Social distancing in the skies, temperature checks on the ground: Welcome to the new era of air travel

May 21, 2020, 2:20 PM UTC

Flying hasn’t been an option for many people during the coronavirus lockdowns of recent months, but the experience is increasingly back on travelers’ calendars.

Daily passenger throughput at American airports cleared the 250,000 mark in recent days—less than a tenth of the throughput a year earlier, but still a marked uptick from the 90,000 daily travelers recorded in mid-April. In Europe, countries such as Italy and Germany will reopen their borders to visitors from some countries next month.

But air passengers should not expect a swift return to the normality they once knew. Much as was the case in the wake of 9/11 and 2001’s failed “shoe bomb” attack, the flying experience is about to get a whole lot more tedious—and, this time, less predictable too. So here’s what to expect.

New airport procedures

Airports have always been full of queues—now those queues will be spaced out, as airports try to maintain social distancing. As is the case in many shops these days, a plexiglass screen will separate you from check-in staff, who may be wearing masks and gloves.

Other measures will differ depending on local regulations, but here’s a typical selection: not being allowed to enter the terminal without a mask (Berlin); not being allowed to enter the terminal unless you yourself are flying (London); and not being allowed to show up at all if you feel ill (Atlanta).

It’s increasingly likely that you will encounter some form of health screening at departure or on arrival. London Heathrow is now conducting temperature checks on arriving passengers, and the TSA could start doing the same across the U.S. next week. Emirates has been trialing COVID-19 blood tests on passengers ahead of boarding (it claimed results were available in 10 minutes), and Hong Kong has been testing all arriving passengers for a month and a half now.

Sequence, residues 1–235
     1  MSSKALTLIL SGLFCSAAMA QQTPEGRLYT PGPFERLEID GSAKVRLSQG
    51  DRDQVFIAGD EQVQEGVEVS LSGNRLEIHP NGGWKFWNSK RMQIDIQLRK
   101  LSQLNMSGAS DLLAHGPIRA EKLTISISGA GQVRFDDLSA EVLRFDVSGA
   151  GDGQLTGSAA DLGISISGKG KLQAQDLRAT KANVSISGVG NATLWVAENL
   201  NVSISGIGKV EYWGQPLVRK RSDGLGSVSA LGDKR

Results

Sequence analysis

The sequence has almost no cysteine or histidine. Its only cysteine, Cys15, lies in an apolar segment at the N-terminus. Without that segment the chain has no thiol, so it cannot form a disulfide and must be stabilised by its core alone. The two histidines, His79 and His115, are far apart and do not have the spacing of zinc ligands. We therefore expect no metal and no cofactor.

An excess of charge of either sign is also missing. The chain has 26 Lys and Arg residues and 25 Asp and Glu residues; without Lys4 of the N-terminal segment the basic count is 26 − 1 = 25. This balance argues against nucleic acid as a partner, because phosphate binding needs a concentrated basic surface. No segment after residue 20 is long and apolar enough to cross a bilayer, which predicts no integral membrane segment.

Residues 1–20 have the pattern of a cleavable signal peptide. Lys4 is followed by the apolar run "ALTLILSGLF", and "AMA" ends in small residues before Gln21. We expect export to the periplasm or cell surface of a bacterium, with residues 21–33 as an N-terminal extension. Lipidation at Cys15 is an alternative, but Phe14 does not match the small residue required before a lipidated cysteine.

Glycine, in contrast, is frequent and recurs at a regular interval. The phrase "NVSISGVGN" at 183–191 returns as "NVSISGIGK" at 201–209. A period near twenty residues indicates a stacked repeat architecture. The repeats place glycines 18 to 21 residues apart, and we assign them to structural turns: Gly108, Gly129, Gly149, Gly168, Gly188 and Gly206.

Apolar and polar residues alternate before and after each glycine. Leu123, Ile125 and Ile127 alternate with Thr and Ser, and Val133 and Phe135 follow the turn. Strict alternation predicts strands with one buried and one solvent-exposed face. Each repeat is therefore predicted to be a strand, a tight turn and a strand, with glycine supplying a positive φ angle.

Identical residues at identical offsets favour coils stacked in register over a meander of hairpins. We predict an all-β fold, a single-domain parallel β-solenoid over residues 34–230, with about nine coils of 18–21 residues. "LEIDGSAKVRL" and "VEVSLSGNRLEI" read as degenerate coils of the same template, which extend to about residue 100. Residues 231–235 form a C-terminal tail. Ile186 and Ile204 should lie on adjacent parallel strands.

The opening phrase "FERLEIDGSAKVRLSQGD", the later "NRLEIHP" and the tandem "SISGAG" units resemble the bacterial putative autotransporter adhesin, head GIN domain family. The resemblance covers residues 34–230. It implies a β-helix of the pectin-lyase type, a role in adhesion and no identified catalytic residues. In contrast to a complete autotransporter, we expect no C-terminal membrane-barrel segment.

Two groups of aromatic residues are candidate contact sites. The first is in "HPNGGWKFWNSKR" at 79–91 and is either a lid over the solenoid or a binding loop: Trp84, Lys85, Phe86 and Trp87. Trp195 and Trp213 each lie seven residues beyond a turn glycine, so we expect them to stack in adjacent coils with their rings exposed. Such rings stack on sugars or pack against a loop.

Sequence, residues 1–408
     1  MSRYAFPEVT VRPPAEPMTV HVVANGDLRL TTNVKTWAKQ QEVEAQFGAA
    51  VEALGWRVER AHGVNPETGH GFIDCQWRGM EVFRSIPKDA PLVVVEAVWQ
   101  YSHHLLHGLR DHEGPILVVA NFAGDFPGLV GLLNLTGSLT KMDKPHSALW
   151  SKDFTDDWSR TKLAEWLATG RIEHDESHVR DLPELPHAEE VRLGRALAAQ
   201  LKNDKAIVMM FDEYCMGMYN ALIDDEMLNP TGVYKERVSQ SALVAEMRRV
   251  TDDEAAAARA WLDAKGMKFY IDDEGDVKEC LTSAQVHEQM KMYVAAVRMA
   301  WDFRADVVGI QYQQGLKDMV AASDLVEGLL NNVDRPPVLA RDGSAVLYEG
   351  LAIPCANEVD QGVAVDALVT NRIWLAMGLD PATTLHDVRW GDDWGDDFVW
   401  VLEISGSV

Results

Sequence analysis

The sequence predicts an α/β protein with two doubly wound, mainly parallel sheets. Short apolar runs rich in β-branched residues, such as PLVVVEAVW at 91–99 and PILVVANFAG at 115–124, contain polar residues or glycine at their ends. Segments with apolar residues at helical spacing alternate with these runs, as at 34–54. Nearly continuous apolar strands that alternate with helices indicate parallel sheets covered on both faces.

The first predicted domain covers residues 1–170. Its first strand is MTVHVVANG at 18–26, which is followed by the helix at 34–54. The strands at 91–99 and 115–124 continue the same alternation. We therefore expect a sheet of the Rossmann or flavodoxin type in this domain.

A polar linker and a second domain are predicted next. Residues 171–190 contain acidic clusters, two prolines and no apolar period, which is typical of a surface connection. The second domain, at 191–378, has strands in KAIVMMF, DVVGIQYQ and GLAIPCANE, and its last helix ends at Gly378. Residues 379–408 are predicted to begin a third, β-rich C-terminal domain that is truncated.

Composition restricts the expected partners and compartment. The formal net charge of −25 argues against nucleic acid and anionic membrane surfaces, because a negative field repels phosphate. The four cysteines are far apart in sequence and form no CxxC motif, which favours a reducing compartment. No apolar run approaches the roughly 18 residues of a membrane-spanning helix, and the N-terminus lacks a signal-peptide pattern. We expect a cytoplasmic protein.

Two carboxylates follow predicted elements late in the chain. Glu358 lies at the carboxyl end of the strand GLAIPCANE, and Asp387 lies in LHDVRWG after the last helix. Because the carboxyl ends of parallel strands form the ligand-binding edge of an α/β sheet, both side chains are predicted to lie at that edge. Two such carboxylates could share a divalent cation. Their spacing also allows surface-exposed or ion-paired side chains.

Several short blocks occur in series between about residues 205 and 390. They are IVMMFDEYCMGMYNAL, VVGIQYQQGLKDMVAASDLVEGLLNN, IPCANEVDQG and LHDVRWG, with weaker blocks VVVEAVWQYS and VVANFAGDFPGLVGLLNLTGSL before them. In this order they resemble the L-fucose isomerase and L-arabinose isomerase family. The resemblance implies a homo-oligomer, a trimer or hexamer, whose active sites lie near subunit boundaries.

The quarantine question

Hong Kong doesn’t just test arrivals for COVID-19—it also puts most of them into a compulsory two-week quarantine, enforced with a tracking wristband. (Got a visa that’s valid for 14 days or less? You won’t even be let in.) If your saliva-based test comes back negative after your initial night at a holding center, you get to spend those two weeks at home or at some other designated location. If it’s positive, welcome to two weeks in a quarantine center.

In Austria, passengers arriving at Vienna Airport get to choose between an automatic 14-day quarantine and a COVID-19 test, which will cost them just over $200 (results are available in a few hours). The airport’s management is clear that this is not a scalable procedure and is intended only for those who need to travel with urgency and believe they are uninfected.

The airline industry is not keen on quarantines. Last week, the International Air Transport Association (IATA) said that such measures would “further damage confidence in air travel” at a time when passenger numbers are already way down and many airlines face the very real prospect of bankruptcy. The industry body said it had surveyed recent air travelers and found more than two-thirds would not even contemplate a trip if it meant a two-week quarantine.